Particularly iconic was the pairing of a summer suit with a canary-yellow Ferrari outside an ivy-covered mansion. A more explicit call to aspirational fashion is hard to imagine.
But Ralph’s bright colours and contrasts can be a little extreme for some days of the year – particularly in England where days, no matter how sunny, rarely escape some cloud cover. A more muted, subtle summer wardrobe is called for.
I found what I was looking for at Paul Stuart in New York. Or, more precisely, in the store’s catalogue.
The cover features a man in white chinos, desert boots, a pale yellow jumper and mint green jacket. Finished off with a lilac handkerchief. It is a sophisticated, individual yet muted combination of colours that says summer just as strongly as the Ralph Lauren ads, but from an entirely different viewpoint. It melts rather than punches.
This model is propping up a picture of the Paul Stuart logo – man sitting on fence with book – in a similarly impressive colour combination. Olive chinos, checked tan jacket, pink-check shirt, orange tie and pale blue cap. Plus chestnut loafers and bright blue socks. I particularly like the socks.
By this point I’m sure you’d love to see the images I’m talking about – the catalogue is available here as a flip-through PDF. Very useful. If you can’t get there through this link, go to www.paulstuart.com and click on Catalog.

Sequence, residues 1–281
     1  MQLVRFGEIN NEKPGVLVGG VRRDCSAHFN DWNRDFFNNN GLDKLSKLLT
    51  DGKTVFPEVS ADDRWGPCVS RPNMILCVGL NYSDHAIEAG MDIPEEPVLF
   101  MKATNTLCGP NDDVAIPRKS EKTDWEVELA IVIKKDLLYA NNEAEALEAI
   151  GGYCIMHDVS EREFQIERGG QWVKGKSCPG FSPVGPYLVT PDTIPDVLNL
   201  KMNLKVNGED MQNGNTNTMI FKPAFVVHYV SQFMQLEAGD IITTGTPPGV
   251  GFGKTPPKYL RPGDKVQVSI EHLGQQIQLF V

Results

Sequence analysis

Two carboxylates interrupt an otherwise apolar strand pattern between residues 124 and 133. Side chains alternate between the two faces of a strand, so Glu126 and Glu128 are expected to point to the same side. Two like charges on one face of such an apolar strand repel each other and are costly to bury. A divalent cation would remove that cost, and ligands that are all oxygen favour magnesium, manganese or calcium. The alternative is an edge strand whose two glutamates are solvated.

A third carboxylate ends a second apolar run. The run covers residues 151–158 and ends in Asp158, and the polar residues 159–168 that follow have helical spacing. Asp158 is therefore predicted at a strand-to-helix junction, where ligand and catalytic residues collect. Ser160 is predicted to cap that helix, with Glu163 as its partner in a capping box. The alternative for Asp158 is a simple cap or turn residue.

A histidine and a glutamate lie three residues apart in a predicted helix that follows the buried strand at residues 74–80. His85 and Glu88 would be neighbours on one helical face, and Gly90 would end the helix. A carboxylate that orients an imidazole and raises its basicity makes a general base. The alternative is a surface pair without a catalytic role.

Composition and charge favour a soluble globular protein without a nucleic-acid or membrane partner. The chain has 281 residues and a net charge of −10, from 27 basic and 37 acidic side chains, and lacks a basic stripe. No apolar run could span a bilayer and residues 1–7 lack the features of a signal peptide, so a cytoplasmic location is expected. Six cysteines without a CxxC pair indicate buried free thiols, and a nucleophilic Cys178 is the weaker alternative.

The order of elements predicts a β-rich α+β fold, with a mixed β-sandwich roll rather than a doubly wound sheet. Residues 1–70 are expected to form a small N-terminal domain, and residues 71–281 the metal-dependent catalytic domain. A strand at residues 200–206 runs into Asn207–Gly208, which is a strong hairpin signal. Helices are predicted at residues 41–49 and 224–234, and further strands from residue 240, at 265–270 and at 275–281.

Once you’ve got beyond the cover, I recommend going to page five, for the best way to pair summer checks with pink and yellow. Page 21 picks up the same subtle theme with blue and pink checks. And page 30 shows the full range of those socks from the cover. (Page 17 also demonstrates that fascinating effect I mentioned in my posting on window dressing – enhancing the appeal of shoes through rolled-up socks.)
There are some fairly hideous sweaters in there (page 9, page 27) but overall the catalogue achieves that rare thing – inspiring you to try different clothes and colours, while still successfully creating a brand image. Few brands do that well. I believe Ralph Lauren and Etro are two, and Paul Stuart is obviously another. Hackett often does well, but it’s range of casualwear means only a few pages feature jackets and suits. (If anyone knows any others I’d be glad to hear them.)
In fact, the most successful aspect of a recent shopping trip was picking up the autumn/winter 08 Etro catalogue. Few brands publish all their catwalk photos in a catalogue, for free, or have such inspiring catalogues as that produced by Paul Stuart. More should. Perhaps then we would identify something definite and particular with the brand behemoths that Armani, Ferragamo, Zegna etc have become.